3. When you don't see it, don't dump on those who do and try to correct it.

    I'm glad you game with a group of professionals. So do I but I've learned from hard experience that when casting about for a group you have to screen people carefully because a lot of the dreks come out of the woodwork. I've seen them essentially run others out of clubs. I know several gamers who avoid conventions because of them. One person like that is all it takes to run off prospective gamers. Go to any university gaming club's open house to see it in action.

  5. Excellent topic.

    First off, you are not moving a kids hobby back into an adult hobby. RPG's have been marketed almost exclusively toward teenagers, at least for the last 20 years. Its likely to remain in that realm because the market are teenagers and young adults with lots of free time. It is the hook that sells books and makes money. RPGs have always been a kids hobby as a starting point.

    Kids will always power game systems. Its in their nature to “win”. Wipe the idea of being able to be all powerful and thus “win” the game, and you'll find much more imaginative players. Frankly, I blame a lot of rule systems for this bias. RPG's have never focused on role play, they have always focused on the rules. The G is for game…and you should win games, right? Sports teach us that, media coverage does as well. Shift that, you can shift the hobby.

    My “aha” moment came when I played with a couple of teachers and a couple of other 20 somethings. They weren't focused on the power gaming aspects but instead opened my eyes about playing a character within a story. I was a mere 15 years old at the time.

    I won't disagree with your stereotypes, they are present and overwhelming. Yet systems are published with that in mind.

    Most of the older generations of gamers have grown out of it. At least I hope they have. We prefer to play with like minded individuals and have fun. Figuring out the time to be progressive, outspoken and hobby changing takes a back seat to children, wives/husbands, and professions.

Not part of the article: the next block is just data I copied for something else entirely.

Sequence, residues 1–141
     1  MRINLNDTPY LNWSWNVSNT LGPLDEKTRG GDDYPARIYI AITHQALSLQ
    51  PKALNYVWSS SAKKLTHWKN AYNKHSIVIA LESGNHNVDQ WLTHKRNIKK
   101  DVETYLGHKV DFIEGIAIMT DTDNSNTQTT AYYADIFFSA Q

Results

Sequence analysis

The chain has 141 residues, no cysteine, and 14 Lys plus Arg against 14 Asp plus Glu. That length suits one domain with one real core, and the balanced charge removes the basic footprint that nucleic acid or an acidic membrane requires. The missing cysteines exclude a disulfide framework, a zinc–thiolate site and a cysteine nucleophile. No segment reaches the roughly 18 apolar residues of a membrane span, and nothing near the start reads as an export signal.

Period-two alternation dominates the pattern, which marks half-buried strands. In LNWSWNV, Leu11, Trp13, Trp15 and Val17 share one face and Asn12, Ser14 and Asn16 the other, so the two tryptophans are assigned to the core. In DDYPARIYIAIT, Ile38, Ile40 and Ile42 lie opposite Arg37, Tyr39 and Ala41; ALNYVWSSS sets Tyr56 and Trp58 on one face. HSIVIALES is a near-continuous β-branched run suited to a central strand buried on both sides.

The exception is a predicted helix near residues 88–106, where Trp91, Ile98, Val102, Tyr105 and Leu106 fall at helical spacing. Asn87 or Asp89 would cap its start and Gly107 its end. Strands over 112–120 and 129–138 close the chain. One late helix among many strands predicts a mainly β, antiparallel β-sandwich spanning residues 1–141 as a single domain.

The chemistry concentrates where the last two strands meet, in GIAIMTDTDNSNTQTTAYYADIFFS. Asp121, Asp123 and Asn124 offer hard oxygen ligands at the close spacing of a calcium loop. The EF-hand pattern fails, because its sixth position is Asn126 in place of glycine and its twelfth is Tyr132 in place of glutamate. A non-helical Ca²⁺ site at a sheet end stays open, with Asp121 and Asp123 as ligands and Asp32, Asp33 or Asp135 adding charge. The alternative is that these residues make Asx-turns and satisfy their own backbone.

I look forward to your future posts on the topic.

  6. @Zak: I see them as three fold, one medium term and two long term.

    Medium term: Improve the pool of grown-up possible players. As someone who moves quite a bit I have to find new groups every few years. Being an adult hobby would make it much easier to locate active adult, professional gamers and get professional adults who aren't gamers to give it a shot.

    Long term: It will help stabilize the player pool in terms of entry and exit rates. One big thing I hear over and over is adults saying adult responsibilities take over. While changing perceptions can't change that completely they can modify it. Asking a spouse for the time or passing off other things for adult hobbies is much easier than for kid hobbies you keep as an adult.

    Long term: Availability of products. This will take some other shifts than just the hobby perception, but it is a necessary step to getting at least basic RPG products into a more widespread availability in a stable manner.

    One thing this would not do is “grow the hobby” or return to our 80s heyday. It might grow it in minor terms, but it is more to stop the shrinkage.

    If you can remember that far consider the place of hex and chit wargames circa 1978. That's what I'm aiming for.

  7. I come late to this thread; I've only just found it.

    In light of the post I wrote today, I think it must be said that part of the gamer geek problem stems from the sheer complexity of the game, and the considerable disagreement that exists over unestablished rules; this is worse at a convention, as no house rules exist in the minds of new players. In my world, where I start new characters to play, it usually takes a few sessions to get them into the stream of things, something that is impossible at a convention – you don't have the time.